Convert linear range to another range, maintaining ratio, but without knowing the original minimum and maximum

So, I am working with a dataset that contains a variable which can have a value of various ranges that I am unable to predetermine. The range is a value that can range from -x to x, with the median at 0, and x could be a range such as -15 to 15, or it could be -1 to 1. The data I receive is more based on the deviation from 0 than from the range min to the range max, and I believe this is vital to the formula.

I am trying to convert the range of -x to x, to be either in the range of 0 to 100, or -1 to 1, all while maintaining the original ratios. I have taken a look at this stack overflow question: “Convert a number range to another range, maintaining ratio” but the formulas there require a known and predetermined range min and max to start with. Math is certainly not my strong suit and I am at a total loss of how to convert this data, so any help here would be greatly appreciated.

If it does help any, the data I receive is in a list/array, something like:

x:{ 1.47f, 1.21f, 0.49f, -0.05f, -0.69f, -1.8f, -2.35f, -1.2f, -0.42f, 4.56f }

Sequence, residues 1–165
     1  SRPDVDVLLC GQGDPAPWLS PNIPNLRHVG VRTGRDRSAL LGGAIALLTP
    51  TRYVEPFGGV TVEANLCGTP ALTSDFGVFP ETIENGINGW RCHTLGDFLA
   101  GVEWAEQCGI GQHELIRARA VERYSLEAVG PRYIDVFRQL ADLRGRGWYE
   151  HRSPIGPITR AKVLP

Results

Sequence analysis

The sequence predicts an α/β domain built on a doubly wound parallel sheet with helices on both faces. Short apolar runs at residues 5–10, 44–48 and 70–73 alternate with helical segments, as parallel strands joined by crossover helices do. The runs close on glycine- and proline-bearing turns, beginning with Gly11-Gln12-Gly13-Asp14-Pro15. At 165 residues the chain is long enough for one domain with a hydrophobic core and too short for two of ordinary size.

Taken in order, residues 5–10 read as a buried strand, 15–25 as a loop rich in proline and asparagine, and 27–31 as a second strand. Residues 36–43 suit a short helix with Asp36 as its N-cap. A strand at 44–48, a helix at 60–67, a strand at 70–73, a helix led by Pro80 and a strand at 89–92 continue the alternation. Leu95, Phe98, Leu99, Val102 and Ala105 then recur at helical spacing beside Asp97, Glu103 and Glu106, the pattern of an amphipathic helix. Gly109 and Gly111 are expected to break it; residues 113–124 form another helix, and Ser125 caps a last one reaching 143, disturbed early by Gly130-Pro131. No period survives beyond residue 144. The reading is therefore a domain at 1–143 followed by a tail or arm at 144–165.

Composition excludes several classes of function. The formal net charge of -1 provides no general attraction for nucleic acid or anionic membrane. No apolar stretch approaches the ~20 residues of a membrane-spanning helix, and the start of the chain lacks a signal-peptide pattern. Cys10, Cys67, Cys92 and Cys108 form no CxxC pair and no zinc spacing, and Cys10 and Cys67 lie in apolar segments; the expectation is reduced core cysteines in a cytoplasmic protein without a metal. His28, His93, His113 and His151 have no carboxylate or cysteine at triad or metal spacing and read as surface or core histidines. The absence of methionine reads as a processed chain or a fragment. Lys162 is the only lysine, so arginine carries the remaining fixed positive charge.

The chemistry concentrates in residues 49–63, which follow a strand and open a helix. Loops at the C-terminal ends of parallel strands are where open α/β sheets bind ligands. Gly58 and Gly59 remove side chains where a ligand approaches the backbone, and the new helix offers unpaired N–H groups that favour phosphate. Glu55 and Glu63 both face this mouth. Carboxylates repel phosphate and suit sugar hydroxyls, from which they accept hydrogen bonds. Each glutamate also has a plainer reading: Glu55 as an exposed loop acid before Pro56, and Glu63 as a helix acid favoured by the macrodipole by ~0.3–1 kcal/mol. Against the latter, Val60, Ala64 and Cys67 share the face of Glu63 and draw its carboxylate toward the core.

It sounds like you’re just looking for Mathf.Lerp and Mathf.InverseLerp (aka linear interpolation and inverse linear interpolation). Lerp maps 0-1 to any other range while InverseLerp maps any range to 0-1. By combining the two, you can easily map any range to any other range:

var t = Mathf.InverseLerp(oldMin, oldMax, value);
value = Mathf.Lerp(newMin, newMax, t);

The math behind it is not too complicated:

Lerp(a, b, t) = (1 - t) * a + t * b
InverseLerp(a, b, v) = (v - a) / (b - a)

IMO the best way to understand why this works is to check the following requirements by inserting the values in the formulas above:

When t = 0, Lerp must be a.

When t = 1, Lerp must be b.

When v = a, InverseLerp must be 0.

When v = b, InverseLerp must be 1.


After reading your question again, what exactly do you mean by “without knowing the original minimum and maximum”? You know the values, right? So what’s stopping you from determining the minimum and maximum?

var min = Mathf.Min(array);
var max = Mathf.Max(array);